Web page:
Characters level up and obtain a certain amount of skill points, which can then be allocated to a bonanza of different skills. I want to talk more about this later in the Replayability section, so skip ahead to that if you're looking for the game's highest point. There is also equipment to be found, dungeons to explore, and many a monster to be slain.
Pretty standard stuff, right? Well, keep in mind that this is a remake of an SNES RPG. It's easier to forgive the rest of the game that way - but not that easy.
First Departure starts off with a pretty breezy introduction to its characters. On a fairly medieval-feeling world, Roddick, Millie, and Dorne defend their little village from bandits, monsters, and the like. They're the town's watch, in essence. A neighboring village comes down with a mysterious disease that turns its victims into living stone. While investigating the village and the potential for a cure through an old RPG standby, the mysterious "cures what ails ya" herb, team Roddick encounters the crew of a spaceship. This spaceship crew is also investigating the disease, as it's been sent to the planet by a shady bunch of alien scumbags. Roddick and his merry crew (well, not so merry since Dorne has contracted what I affectionately call stoner's disease) accompany the spaceship crew to help find a cure for the disease, since their blood can somehow help turn the tide in a war between an Earth-based Federation and the shadowy alien figures.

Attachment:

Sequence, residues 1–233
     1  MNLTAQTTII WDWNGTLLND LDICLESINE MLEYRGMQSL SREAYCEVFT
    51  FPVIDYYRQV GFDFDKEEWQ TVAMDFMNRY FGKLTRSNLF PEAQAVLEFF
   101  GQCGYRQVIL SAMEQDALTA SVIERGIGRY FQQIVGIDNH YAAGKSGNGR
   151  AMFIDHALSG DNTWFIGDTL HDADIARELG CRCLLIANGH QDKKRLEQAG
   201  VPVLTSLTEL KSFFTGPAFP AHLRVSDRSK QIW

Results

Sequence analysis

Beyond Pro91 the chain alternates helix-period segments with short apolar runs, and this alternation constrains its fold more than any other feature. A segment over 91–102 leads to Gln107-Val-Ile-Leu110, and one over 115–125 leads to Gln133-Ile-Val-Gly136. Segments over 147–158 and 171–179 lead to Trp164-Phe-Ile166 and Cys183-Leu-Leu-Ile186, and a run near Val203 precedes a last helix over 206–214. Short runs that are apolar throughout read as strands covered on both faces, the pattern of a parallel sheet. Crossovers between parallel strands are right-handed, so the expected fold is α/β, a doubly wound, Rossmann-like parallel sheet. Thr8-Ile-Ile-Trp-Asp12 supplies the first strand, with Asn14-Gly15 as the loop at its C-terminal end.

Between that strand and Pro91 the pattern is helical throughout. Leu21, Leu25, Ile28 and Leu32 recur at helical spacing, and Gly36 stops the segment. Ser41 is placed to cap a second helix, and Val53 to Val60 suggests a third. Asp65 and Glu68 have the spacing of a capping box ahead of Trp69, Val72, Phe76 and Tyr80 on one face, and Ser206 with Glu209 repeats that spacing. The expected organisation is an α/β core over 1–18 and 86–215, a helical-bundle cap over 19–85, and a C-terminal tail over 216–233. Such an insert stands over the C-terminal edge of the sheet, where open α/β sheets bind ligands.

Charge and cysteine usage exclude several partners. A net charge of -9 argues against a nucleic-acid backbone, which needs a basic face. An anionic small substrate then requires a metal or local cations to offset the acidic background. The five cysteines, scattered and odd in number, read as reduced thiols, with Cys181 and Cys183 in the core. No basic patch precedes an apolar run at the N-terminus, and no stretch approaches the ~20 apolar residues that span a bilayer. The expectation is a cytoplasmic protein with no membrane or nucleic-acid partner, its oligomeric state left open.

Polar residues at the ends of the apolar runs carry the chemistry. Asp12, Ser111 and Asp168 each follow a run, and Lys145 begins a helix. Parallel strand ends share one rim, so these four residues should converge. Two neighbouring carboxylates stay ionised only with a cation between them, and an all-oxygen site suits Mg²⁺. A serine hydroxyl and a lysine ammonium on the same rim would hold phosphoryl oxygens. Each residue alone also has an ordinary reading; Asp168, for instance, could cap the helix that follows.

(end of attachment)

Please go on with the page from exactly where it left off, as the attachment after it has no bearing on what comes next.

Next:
This shit is never really explained again. Ever. It's insanely frustrating, as it starts off with the potential for a pretty good set-up for a story, right?